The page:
The Public Accounts Committee have written a scathing report on the Ajax programme, “The Department’s management of the programme was flawed from the outset as the programme was over-specified and the Department and General Dynamics did not understand the scale of the technical challenge. We have seen similar failings again and again in the Department’s management of its equipment programmes”.  (my emphasis)

(If Ajax is ready in 2030 will there be a version of the Afghan war where Britain is an active participant? If there is, then we’ll be ready with excellent equipment.)

Wallace, and virtually every British politician, colludes with the Chiefs of Staff in a delusion, which is that Britain has a global role.5 They even have a desire to be the ‘World’s Policeman’ as though the British Empire is alive and well. The British army ought to be subsumed into a permanent international coalition with joint Chiefs of Staff. At present Britain is impoverishing itself and utterly failing as a military power.

Notes

1 Ben Wallace (politician) – Wikipedia

2 Caroline Elkins Britain’s Gulag: the brutal end of empire in Kenya 2005

3 Defence Secretary announces Future Soldier for the British Army – GOV.UK (www.gov.uk) For Ben Wallace This hubristic viewpoint is also that of the Chief of the Army, General Sir Patrick Sanders, “Russia’s invasion of Ukraine underlines our core purpose to protect the UK by being ready to fight and win wars on land,” he said. (my emphasis) British troops must prepare to fight in Europe once again, says new head of Army (msn.com) Considering he served in both Iraq and Afghanistan he’s remarkably untouched by failure in ‘wars on land’. In 2021 the army’s war games had to be ended early because they’d run out of ammunition in eight of the ten days allocated. British Army ‘ran out of ammo in eight days in online war simulation’ | Daily Mail Online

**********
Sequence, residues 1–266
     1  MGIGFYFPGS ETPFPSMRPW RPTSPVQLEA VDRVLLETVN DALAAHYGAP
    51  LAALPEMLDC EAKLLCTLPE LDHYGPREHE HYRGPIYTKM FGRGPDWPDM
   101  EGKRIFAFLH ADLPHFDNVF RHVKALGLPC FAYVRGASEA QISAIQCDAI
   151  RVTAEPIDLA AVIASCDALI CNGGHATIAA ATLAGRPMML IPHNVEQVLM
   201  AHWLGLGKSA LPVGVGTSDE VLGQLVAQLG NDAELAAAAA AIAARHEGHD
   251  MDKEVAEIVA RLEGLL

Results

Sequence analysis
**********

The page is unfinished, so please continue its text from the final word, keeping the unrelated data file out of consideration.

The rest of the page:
4 Delays to Ajax armoured vehicles risk national security, MPs warn – BBC News For the parliamentary scrutiny see  Armoured Vehicles: the Ajax programme – Committee of Public Accounts (parliament.uk) The previous vehicle had upgrades to cope with Afghanistan but clearly add-ons and made the vehicle situation-specific See Up-armoured vehicles begin Afghanistan operations – GOV.UK (www.gov)

5 Eisenhower and the Military-industrial Complex | Odeboyz’s Blog (oedeboyz.com)

 

 

 

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2 Responses to The British Army’s Global Delusions

  1. Robert Davidson says:

    I would be curious to know why you think the British army’s last significant victory was in the Boer War and not Haig’s campaign in 1918.

    Otherwise, though, I agree, not that I am any sort of expert in this, and it constantly amazes me how many British people are unwilling to accept this. As I recall, in the 1970’s it was widely accepted.

    • odeboyz says:

      Thank you for your comment

      I was trying to differentiate between coalition victories and solo British victories. When I was researching this blog it became very apparent that Wallace (and others) clearly believed that the British army had scored significant victories. There was a lot of talk of Britain’s global role and some very bombastic positioning some of which I alluded to in the blog. Haig’s victory was very much a coalition effort and the Americans shouldn’t be underestimated.

      The *Rule Britannia* theory of British greatness is alive and well and living in Parliament.